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» » The Bridge of San Luis Rey (Twentieth Century Classics)
The Bridge of San Luis Rey (Twentieth Century Classics)
Title:

The Bridge of San Luis Rey (Twentieth Century Classics)

Author:
Thornton Wilder
ISBN:
0140181911
PDF book size:
1272 kb
ePub book size:
1836 kb
Fb2 book size:
1983 kb
Other formats:
azw mbr rtf mobi
ISBN13
978-0140181913
Rating:
4.7 of 5
Votes:
258
Publisher:
Penguin; New Ed edition (August 31, 1989)
Language:
English
Subcatergory:
Genre Fiction
Pages:
128
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7 Reviews
  • This novel remains one of my favorite reads. Profound in its inquiry of 'why' and specific in the depiction of human nature, this work places readers inside its principal characters without romanticizing them or damning them. If readers stay with this book, then they will understand why the closing words have continued to bring solace to those who have suffered inexplicable loss ever since its publication. Wilder has written a "perfect" narrative; read this work and experience the sheer majesty of a true wordsmith and storyteller.

  • Although I am familiar with Thornton Wilder's plays, this is the first novel of his that I have read. I will be reading more! "The Bridge of San Luis Rey" has been turning over and over in my mind since I finished it a few days ago. I still don't know what to fully say about it. Essentially the novel is asking if there is a divine providence in our lives, or is it merely the acts of our own will. I have read reviews that argue vehemently that the book comes decisively down in one camp or the other. I am not sure I agree. I think Mr. Wilder is saying that regardless of whether it is human or divine, love is the central theme that makes life bearable, important, and worth toiling through. Whether the love is divinely or humanly inspired is beside the point. I have to say, I find that idea very uplifting.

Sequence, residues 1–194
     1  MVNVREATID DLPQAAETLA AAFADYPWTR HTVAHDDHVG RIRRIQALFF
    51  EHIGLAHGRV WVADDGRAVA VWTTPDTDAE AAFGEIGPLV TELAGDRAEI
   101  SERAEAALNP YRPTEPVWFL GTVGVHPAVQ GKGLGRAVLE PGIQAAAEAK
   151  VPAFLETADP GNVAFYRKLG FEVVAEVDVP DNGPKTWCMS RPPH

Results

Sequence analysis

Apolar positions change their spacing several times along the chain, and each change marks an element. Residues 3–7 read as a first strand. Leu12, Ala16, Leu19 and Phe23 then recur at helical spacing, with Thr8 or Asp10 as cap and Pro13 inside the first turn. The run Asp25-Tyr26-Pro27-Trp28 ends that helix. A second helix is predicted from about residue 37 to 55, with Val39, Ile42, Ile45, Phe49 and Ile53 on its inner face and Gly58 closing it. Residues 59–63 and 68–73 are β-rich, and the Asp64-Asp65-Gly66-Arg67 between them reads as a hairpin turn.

The style of the text is a little difficult for the casual reader to get into, but once you have read four or so pages you adapt to the manner in which Wilder composed this piece, and it flows very nicely. I read that Wilder worked very hard to make the narrator of the text a detached persona, one not emotionally involved in the story. This works wonderfully for the novel, because the fate that befalls five characters when a bridge collapses and sends them all plummeting to their deaths is delivered with a very dry, matter of fact, and objective sense of the event. The details of their personal lives are revealed to the reader in much the same manner, and a big theme of the novel comes through as a result. The emotions that we feel towards these characters as we get to know more and more about them are constructs of our own personal reactions to them, and they are varied reader to reader because of what we bring to the book ourselves. "The Bridge of San Luis Rey" seems to be saying that human life is valued in the eyes of the individuals who have some emotional connection to it, and that is much more important than trying to place an individual life in the great cosmic scheme of things. The greatest value in our lives is in how we are loved by others seems to be what Wilder is saying in the very ambiguous, and very brilliant, final ten lines of the novel.